While Guyana would have significantly improved on Transparency International’s Corruption Perception’s Index (CPI), it does not mean the Nation is “out of the woods as yet” says head of the local chapter, Dr. Troy Thomas.
During an exclusive interview with this news agency, Dr. Thomas reminded that Guyana moved up eight places on the 2019 CPI, coming in at the 85th position out of 180 countries while in 2018, it placed 93. In previous years too, Guyana placed 91 for 2017, 108 for 2016 and 119 for 2015.
The transparency advocate said, “…For all intents and purposes, we seem to be moving in a good direction so that is good news… If you go back five years ago and compare, it is difficult to say nothing has changed and various things could have lent to that improvement in the ranking…”
In this regard, the TIGI Head pointed to the fact that while many complain of the incompetence of the government in managing the oil sector, there is still way more information available now on oil related issues than what would have been released years before. On the other hand, while there is transparency on the release of certain bits of information, Dr. Thomas did criticize the government for failing to be accountable on issues like the spending on the controversial Durban Park Project and the receipt of the US$18M signing bonus from ExxonMobil.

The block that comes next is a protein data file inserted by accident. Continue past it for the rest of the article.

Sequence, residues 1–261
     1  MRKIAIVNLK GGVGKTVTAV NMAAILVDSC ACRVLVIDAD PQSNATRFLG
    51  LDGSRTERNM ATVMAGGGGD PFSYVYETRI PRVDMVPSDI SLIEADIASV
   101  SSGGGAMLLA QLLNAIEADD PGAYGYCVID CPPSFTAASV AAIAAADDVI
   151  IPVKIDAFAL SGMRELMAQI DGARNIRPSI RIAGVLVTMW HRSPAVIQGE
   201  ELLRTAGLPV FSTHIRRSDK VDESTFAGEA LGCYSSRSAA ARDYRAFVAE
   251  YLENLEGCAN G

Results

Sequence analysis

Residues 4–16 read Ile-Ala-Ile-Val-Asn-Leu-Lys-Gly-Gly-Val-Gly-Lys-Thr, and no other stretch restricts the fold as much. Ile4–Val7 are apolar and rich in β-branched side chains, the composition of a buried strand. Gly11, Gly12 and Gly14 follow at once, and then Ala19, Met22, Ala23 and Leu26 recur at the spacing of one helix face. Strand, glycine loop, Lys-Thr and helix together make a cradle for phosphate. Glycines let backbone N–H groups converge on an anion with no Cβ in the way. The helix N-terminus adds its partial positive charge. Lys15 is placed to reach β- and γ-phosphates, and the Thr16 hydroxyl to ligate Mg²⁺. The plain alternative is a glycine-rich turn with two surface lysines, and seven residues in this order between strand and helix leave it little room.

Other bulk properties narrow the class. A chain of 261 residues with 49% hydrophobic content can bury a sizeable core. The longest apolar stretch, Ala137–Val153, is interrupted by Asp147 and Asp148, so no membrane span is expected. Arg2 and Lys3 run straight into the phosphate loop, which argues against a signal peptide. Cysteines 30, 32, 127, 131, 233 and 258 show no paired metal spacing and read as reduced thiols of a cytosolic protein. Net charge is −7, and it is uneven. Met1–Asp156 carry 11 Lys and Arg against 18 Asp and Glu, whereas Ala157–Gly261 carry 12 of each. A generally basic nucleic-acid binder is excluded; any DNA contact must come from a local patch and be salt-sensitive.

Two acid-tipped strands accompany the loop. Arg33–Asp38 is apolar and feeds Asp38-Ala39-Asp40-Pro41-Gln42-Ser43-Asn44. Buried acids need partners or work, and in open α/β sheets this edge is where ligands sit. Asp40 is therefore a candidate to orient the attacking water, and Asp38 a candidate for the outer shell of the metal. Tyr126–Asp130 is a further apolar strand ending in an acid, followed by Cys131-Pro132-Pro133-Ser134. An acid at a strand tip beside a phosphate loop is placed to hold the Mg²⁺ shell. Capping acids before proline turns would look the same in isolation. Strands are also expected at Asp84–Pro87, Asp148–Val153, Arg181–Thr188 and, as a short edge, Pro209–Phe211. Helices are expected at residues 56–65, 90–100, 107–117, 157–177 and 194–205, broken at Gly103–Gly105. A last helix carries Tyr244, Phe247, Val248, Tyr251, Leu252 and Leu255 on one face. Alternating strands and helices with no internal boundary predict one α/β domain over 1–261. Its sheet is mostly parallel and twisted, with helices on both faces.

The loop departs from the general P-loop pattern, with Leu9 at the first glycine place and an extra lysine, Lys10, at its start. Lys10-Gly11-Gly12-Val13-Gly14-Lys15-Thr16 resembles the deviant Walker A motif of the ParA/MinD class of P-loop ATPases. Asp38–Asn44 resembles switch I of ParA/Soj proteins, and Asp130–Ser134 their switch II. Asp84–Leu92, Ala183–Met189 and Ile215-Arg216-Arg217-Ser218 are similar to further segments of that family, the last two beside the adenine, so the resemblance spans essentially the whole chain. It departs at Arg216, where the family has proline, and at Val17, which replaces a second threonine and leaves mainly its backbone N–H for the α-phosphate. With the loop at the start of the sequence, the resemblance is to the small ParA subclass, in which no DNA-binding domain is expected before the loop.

Dr. Thomas further stated that while the improved CPI ranking is one to be lauded, it does not mean that Guyana is out of the woods since there would have been breakdowns along the journey to transparency.
Transparency International was established in 1995 and only takes into account, assessments from 12 different institutions. The institutions are the African Development Bank (based in Ivory Coast), Bertelsmann Foundation (based in Germany), Economist Intelligence Unit (based in UK), Freedom House (based in US), Global Insight (based in US), International Institute for Management Development (based in Switzerland), Political and Economic Risk Consultancy (based in Hong Kong), The PRS Group, Inc., (based in US), World Economic Forum, World Bank, and the World Justice Project (based in US).
According to Transparency International, countries need to be evaluated by at least three of these sources to appear on the CPI which measures perceptions of corruption due to the difficulty of measuring absolute levels of same.